Driveclub’s rocky start in terms of online connectivity bodes ill for this new racing game from Evolution Studios. A PS4 exclusive, the new racing title was a main proponent for the Sony platform and was a key feature at their trade show presentations. It marketed itself heavily on the aesthetics, claiming to be “next-gen” in terms of its level of vehicular detail and gameplay. Despite Evolution Studios extended development window and their own assurances of the game’s remarkable quality, Driveclub falls short of the mark and burns out where it counts.
Aesthetics (Story, Graphics, Sound)
One of the biggest selling points of Driveclub is its graphical capabilities and the level of detail put into each vehicle and track; the textures within and outside the car, the electrical systems within the car, the realistic aspects of the environment — all of these were purported to be painstakingly crafted from their real life counterparts. The cars themselves are spectacular and have an impressive amount of detail even inside all the nooks of the car. Before the beginning of each race, Evolution Studios offers a little treat of perusing the car and its decadence in the light. Yet the environments of each track, while nowhere near bad mostly due to the incredible lighting, are a tad lackluster and are completely overshadowed by the vehicles. Now, it is a racing game and the focus should be on the cars, but lack of sharpness in the surrounding snow-covered mountains or the European countryside does put a damper on the experience overall.
Gameplay (Combat, Systems, Mechanics)
Driveclub rides a fine line between being a racing simulator and an arcade racer, veering more onto the side of the latter. As a racing game, it’s far more forgiving than say Gran Turismo or Forza Motorsport; the game’s only concrete punishment for reckless driving is a negligible amount of points deducted from each race and I’ve found it’s much easier to barrel through turns without brakes (I’ve even won a few races thanks to that strategy, using the wall as a brake). On the other hand, the game carries itself as a racing sim and doesn’t really embrace the looseness of its driving mechanics. Controls, like turning and acceleration, are tight and executed properly, which puts the title on par with its competition. However, the identity crisis that the game suffers turns Driveclub into an average racer that doesn’t present anything too bold or innovative.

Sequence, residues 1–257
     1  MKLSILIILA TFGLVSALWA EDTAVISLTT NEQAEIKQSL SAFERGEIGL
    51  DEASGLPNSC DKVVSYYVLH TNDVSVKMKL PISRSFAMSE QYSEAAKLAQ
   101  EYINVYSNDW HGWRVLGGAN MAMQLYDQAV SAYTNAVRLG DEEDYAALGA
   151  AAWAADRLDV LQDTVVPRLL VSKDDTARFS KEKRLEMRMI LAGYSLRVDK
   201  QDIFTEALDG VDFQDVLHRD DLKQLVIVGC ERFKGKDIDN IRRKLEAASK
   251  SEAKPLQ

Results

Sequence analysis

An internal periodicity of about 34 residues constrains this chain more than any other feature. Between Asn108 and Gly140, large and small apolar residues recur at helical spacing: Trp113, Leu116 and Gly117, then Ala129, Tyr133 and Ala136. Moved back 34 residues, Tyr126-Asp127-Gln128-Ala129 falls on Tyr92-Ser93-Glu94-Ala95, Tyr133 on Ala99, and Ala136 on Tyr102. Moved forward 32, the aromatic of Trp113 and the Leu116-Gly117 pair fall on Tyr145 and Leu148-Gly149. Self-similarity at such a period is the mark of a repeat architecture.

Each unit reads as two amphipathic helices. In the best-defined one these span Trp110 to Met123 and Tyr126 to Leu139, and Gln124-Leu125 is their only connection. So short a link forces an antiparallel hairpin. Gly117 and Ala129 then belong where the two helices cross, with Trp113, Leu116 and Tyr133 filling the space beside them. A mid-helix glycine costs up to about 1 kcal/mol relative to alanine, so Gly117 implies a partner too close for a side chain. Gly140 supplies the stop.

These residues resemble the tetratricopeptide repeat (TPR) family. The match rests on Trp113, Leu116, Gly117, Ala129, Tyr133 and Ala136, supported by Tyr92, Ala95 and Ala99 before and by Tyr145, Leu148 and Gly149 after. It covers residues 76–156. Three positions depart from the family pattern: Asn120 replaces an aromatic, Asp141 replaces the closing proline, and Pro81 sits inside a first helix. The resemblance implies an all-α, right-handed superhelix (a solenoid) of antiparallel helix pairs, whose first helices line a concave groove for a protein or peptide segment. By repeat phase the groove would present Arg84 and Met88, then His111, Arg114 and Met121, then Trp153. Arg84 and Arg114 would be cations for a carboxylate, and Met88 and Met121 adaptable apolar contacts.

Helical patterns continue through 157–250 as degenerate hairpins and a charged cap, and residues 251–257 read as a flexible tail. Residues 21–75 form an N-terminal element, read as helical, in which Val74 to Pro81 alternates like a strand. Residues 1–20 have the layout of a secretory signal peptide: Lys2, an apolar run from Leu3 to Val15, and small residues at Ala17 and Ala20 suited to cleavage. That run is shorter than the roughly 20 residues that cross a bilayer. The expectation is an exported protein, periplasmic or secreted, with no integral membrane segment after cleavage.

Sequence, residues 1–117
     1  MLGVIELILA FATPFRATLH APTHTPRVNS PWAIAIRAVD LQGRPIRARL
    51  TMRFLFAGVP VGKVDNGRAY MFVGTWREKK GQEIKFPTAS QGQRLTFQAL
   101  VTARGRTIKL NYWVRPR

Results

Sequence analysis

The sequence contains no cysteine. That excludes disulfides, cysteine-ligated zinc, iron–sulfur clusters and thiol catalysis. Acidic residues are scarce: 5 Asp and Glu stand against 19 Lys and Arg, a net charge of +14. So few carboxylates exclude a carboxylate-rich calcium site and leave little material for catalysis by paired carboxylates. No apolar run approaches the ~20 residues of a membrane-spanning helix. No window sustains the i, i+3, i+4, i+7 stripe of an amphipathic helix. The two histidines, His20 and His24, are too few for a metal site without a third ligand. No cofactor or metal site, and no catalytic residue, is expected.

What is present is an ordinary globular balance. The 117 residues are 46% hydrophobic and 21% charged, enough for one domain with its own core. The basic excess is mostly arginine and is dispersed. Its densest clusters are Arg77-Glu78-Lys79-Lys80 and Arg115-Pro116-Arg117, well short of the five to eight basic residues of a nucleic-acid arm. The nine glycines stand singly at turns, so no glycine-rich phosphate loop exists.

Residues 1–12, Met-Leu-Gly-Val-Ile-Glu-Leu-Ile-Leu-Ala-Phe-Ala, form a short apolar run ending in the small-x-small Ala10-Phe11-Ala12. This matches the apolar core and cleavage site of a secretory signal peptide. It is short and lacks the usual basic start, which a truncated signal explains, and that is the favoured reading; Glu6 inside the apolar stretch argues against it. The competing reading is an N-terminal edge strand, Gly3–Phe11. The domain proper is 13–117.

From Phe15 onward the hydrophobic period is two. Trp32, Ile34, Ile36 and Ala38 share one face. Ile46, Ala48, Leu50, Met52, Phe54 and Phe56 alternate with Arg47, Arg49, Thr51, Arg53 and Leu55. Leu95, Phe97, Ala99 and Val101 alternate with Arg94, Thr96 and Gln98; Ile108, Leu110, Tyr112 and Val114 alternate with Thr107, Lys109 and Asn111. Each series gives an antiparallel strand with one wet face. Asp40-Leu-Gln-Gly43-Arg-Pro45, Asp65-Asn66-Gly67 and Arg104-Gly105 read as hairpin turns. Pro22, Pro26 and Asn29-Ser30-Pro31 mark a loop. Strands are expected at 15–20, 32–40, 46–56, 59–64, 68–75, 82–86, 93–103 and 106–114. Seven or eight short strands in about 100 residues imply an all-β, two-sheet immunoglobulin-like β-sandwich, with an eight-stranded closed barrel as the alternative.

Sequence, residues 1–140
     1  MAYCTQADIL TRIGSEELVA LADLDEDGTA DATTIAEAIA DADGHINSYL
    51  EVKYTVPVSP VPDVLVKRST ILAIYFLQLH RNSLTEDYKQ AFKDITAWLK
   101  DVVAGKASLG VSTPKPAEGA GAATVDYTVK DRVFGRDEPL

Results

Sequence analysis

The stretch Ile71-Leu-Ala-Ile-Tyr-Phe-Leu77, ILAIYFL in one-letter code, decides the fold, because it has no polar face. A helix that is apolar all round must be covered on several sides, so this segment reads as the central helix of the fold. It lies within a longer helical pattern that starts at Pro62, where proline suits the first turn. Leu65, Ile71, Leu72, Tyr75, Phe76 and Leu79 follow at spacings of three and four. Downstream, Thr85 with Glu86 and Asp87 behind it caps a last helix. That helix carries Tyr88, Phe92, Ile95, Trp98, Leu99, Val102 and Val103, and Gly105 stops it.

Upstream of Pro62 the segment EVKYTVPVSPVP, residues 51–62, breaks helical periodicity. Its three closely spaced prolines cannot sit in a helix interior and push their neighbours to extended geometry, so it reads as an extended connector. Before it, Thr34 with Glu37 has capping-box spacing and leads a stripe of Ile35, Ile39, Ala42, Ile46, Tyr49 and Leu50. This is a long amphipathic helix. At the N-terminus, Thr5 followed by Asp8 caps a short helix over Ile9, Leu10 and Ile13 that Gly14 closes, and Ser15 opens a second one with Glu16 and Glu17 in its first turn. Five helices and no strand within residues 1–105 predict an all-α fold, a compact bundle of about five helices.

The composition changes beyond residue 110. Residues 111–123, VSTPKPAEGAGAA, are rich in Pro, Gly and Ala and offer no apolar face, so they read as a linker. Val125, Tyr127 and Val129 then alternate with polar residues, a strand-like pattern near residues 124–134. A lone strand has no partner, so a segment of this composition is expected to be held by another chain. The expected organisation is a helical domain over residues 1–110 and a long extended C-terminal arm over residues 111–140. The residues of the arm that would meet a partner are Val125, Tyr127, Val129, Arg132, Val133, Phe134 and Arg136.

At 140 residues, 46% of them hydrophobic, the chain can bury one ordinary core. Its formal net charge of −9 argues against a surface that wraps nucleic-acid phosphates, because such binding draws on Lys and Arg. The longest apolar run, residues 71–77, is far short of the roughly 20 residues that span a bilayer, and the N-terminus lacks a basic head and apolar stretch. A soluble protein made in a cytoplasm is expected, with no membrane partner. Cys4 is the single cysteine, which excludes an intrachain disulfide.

Speaking of innovation or lack thereof, another main hook of Driveclub is the Club system which allows players to create, join and compete against other clubs in driving challenges. What’s neat here is that players can set challenges for others, whether they’re part of the same club or they want to test their skills against a rival club. It’s a well-executed system but it’s practically an over-glorified clan system with a few tropes from other racing games sprinkled in. Driveclub does do a great job with this system and it does offer an interesting multiplayer experience, but that’s all it is; it does little to stand out from its peers.
On the customization front, Driveclub does offer a wide array of paints, colors and emblems to decorate the exterior of your vehicle. The selection of vehicles is competent as well, but compared to other games in the genre, there’s not a lot of variety. Unlocking each car and class category does take a bit of time and you’ll get to taste everything in the complete package in the process, which is an enjoyable experience.
Driveclub delivers the standard fare when it comes to racing games. Although the title portrays itself as an above average racer, it unfortunately seems to be stuck in cruise control. The lackluster environments, coupled with the sparse vehicle selection and the mediocre driving experience, puts this new IP in the middle of the pack and doesn’t really deliver enough to stand out among its competitors. I’d recommend Driveclub to those who are looking for a solid driving game, but other than the fans of the genre, I’d say save your money and try it out when it hits PS Plus.
Final Score: 7 / 10
Written and Edited by Tim Atwood